I guess I'm just trying to figure out the proper way to check off my transactions.

June 24, 2010 | Unregistered CommenterKimmi

Really, I am reconciling my accounts in the new Quicken the same way as I did in the old one. I choose Reconcile from the Transactions menu. I enter in my starting amount and ending amount based on my statement.

Since I connect to my bank daily, most of my transactions are usually already checked. The old version of Quicken allowed you to uncheck all the transactions between the beginning and ending dates, but I haven't found a quick way to do that. Regardless, I can uncheck everything in less than sixty seconds.

Then, I simply start comparing what's in my Quicken registry to my bank statement. I just check off the items in Quicken one by one. You don't have to hold down an option key. Just click on it with the mouse. Sometimes some of the transactions are outside of the starting and ending dates, but this isn't a big deal either. Just check them off as you come to them.

I've balanced to the penny with Quicken since I began using it in 2002, and that includes using Quicken essentials every month since it was released.

June 25, 2010 | Unregistered CommenterR. Mansfield

I have Mac 10.5.8 and Quicken 2005. I have used Quicken for at least 15 years. I use it to track all my accounts, budget, and print checks. What I have not done, but really want to do, is take advantage of automatic transaction-entering from my banks, investment accounts and credit card accounts, in order to eliminate the manual in-putting I have done for years but which has become too counterproductive and time consuming.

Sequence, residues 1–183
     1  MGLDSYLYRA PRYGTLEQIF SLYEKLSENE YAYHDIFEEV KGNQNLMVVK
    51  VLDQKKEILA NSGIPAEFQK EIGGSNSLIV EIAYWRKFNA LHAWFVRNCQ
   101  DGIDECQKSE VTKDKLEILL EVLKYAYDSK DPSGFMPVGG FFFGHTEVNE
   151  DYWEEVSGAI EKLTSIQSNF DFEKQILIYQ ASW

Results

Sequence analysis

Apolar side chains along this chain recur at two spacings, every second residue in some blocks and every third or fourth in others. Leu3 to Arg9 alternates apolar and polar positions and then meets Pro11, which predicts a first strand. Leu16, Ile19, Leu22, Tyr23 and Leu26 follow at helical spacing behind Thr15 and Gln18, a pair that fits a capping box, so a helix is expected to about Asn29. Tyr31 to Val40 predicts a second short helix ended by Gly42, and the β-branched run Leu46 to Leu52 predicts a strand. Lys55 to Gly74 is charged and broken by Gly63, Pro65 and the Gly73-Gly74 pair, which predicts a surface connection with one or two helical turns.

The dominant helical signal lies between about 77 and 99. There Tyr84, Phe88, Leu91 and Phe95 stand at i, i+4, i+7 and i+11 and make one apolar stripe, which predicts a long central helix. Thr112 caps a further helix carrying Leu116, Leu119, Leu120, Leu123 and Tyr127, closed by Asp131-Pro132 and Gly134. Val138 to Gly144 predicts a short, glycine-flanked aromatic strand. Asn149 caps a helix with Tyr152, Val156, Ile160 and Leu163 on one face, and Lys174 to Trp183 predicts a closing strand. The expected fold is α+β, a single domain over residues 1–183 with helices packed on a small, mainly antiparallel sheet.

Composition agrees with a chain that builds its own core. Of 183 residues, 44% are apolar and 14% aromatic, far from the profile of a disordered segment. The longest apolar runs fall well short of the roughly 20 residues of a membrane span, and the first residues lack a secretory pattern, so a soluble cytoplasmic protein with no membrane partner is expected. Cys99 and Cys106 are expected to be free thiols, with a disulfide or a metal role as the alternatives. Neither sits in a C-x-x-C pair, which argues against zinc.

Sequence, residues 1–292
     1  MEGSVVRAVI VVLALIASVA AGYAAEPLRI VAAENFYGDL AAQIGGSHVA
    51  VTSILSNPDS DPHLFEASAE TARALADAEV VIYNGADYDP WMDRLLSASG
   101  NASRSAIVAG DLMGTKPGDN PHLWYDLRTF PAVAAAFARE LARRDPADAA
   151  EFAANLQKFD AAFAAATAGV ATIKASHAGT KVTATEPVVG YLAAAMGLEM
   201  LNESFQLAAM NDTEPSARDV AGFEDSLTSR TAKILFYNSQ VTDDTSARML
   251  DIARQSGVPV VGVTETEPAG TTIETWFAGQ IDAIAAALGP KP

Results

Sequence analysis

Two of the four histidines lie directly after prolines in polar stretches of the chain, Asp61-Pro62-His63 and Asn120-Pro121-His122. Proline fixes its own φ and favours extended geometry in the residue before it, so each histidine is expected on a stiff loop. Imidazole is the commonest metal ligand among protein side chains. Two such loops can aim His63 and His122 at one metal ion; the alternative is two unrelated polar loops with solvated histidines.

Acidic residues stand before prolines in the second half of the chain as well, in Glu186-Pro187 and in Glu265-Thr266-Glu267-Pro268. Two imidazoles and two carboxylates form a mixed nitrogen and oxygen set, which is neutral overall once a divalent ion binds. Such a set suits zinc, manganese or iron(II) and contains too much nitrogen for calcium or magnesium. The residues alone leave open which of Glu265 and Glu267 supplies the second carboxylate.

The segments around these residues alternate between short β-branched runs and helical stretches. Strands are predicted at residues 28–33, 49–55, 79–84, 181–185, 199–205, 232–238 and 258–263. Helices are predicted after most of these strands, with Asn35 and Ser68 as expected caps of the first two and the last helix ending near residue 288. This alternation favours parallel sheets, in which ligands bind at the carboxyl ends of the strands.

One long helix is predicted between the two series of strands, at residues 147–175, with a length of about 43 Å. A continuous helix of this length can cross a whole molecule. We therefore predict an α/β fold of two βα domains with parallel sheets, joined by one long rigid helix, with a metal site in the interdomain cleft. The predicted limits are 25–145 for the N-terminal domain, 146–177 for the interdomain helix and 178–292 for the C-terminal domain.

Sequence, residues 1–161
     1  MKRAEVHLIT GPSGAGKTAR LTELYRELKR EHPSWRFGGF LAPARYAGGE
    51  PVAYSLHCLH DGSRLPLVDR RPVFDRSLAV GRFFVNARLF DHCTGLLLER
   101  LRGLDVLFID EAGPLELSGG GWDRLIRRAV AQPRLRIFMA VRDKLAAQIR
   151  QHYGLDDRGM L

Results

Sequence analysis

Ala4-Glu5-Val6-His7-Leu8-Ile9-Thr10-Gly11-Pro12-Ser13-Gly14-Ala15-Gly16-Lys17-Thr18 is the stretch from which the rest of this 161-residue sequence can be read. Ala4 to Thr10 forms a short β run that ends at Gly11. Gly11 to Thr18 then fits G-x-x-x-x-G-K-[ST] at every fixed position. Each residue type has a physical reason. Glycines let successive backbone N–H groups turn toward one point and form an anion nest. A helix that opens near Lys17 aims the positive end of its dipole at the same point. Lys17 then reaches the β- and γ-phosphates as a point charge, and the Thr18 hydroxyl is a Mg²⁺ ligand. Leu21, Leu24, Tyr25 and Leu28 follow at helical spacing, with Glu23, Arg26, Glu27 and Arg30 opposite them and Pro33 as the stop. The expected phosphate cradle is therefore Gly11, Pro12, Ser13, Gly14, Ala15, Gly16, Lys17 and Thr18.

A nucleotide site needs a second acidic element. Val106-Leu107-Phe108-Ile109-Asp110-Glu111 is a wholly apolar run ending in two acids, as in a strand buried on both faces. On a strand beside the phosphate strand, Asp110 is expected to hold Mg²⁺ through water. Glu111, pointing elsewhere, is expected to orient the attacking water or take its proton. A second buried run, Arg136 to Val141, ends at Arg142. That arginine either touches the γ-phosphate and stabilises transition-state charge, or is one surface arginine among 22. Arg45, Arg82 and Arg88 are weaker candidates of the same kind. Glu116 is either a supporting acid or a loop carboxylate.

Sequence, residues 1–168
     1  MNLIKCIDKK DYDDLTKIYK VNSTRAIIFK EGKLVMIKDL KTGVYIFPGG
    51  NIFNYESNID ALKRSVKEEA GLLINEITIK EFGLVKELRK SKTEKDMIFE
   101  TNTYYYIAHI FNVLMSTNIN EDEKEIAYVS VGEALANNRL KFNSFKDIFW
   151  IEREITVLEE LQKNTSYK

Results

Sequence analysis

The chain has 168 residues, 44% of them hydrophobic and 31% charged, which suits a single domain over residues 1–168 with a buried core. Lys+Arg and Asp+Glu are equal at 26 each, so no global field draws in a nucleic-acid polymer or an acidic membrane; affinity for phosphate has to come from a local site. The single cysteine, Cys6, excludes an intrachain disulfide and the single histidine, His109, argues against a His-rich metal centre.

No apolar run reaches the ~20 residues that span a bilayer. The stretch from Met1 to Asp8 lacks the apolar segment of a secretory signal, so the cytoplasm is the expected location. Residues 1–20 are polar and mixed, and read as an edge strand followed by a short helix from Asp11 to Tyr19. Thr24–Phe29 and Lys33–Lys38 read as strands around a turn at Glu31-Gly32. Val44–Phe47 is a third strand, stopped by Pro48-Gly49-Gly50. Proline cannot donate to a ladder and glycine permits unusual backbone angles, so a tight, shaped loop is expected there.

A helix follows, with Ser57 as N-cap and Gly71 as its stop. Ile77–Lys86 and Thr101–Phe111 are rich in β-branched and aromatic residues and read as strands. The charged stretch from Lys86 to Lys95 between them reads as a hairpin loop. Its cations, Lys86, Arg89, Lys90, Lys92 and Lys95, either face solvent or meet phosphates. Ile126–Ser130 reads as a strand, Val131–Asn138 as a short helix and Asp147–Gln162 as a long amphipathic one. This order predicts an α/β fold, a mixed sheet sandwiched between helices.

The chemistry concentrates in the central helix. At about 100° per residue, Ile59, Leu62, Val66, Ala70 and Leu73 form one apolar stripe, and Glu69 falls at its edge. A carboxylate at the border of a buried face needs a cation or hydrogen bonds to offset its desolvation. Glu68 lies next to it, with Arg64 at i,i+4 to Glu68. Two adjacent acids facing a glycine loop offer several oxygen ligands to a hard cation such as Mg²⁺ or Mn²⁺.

Also, and most importantly, I have an iphone, and want to be able to enter and manage my quicken account when I am on the go traveling, or just shopping. I am very open to other platforms if I can convert from Quicken (I would even consider starting anew and just keeping Quicken on my desk top for history)... Who can give me the best suggestion? With appreciation, Brenda

March 2, 2011 | Unregistered CommenterBrenda

I want to shoot this application right in the face. Usually reconciliation goes fine, but if there are any issues there is absolutely no way to bulk unclear/clear transactions. Frustrating as [censored]. Intuit is a pile of [censored].

January 21, 2014 | Unregistered Commenternsj

nsj, sorry I had to edit your comment. This blog content and its commentors must be rated G when it comes to use of language. Nevertheless, I appreciate your sentiment. It's been a while since I wrote this post. And there has not been a significant update to Quicken on the Mac since (beyond the occasional point updates). That's nearly four years between major updates, which is probably a record for Intuit. I've come close to simply using the Windows version, but I do so hate to do that!

February 12, 2014 | Registered CommenterR. Mansfield